Padmasana is, of course, one of the most cherished asana for beginner yogis. Everyone wants to gain the compact stability which is energetically ideal for meditation as quickly as possible. Not to mention the fact that it is simply beautiful. But you should not hurry. The Lotus posture, like any other, should not be an end in itself. Asana in the wide, “limb” sense is just a means, part of a great journey and in no circumstances its final point. The limbs of your personal yoga practice should grow uniformly in all directions.
The main problem of Padmasana that our body allows us to approach it without warning of the dangers for the knee joint. Going too fast may meam injury which will make you forget all about Padmasana for several months in the best case and require surgical intervention in the worst. The point is that our knee joints are anatomically weaker than the hip joints. If the latter are insufficiently opened, an excessively intensive rotatory load is transferred to the knee, making it carry out an atypical function. The knee is intended for flexion only “forwards-backwards”, and in no circumstances “to the right/to the left”!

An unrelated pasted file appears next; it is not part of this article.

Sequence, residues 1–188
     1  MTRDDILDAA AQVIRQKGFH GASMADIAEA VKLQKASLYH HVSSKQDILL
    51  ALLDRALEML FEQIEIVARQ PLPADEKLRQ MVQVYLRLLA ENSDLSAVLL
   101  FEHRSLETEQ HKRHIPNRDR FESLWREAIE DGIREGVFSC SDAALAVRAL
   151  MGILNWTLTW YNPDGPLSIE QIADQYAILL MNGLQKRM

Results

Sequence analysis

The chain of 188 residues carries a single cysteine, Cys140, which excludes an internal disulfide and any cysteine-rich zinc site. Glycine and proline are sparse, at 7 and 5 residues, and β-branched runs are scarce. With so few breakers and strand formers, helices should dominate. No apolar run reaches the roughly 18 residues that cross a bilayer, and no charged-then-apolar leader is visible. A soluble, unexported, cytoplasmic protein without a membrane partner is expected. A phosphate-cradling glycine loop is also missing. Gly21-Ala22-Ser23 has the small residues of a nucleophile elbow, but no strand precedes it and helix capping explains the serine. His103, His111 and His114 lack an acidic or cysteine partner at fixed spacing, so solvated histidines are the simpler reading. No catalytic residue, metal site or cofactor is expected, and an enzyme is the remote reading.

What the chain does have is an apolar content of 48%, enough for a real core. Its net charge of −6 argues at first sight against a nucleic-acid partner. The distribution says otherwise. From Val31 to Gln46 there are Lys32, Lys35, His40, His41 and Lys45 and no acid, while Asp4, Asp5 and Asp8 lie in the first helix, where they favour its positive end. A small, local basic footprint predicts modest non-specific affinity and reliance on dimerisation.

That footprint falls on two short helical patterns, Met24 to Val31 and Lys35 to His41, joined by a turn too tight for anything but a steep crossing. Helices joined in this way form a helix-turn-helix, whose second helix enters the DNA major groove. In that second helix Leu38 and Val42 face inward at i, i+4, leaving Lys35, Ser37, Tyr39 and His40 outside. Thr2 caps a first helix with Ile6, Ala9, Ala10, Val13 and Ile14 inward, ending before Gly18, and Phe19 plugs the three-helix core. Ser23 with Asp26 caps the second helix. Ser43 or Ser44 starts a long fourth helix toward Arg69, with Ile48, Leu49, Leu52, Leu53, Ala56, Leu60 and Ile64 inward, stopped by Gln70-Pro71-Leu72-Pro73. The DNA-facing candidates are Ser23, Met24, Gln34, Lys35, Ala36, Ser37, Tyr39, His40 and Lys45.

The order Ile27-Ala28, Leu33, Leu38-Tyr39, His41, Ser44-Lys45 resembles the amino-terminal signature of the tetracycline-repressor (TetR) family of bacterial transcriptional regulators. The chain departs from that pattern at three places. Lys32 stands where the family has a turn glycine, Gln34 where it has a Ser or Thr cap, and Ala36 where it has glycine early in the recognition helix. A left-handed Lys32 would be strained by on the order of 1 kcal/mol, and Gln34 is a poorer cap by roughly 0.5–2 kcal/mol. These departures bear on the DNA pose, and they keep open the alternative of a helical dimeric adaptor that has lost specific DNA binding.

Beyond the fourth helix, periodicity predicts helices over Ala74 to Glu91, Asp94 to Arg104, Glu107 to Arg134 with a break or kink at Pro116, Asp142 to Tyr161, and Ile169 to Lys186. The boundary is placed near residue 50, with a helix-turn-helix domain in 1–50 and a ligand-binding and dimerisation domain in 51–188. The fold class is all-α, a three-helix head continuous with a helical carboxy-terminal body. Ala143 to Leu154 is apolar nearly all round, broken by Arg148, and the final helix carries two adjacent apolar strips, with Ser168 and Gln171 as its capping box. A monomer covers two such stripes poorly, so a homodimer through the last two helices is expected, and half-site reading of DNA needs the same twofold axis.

Padmasana should be executed only by opening the hips. Baddha Konasana (Bound Angle Pose) is an excellent indicator: if your knees do not lie on the floor in this posture, you are not ready for Padmasana. Open your hips through respective asanas (Baddha Konasana, Janu Sirsasana, Gomukhasana) and practice something easier for meditation, e.g. Sukhasana ( Easy Pose). Lotus will blossom itself when its time comes.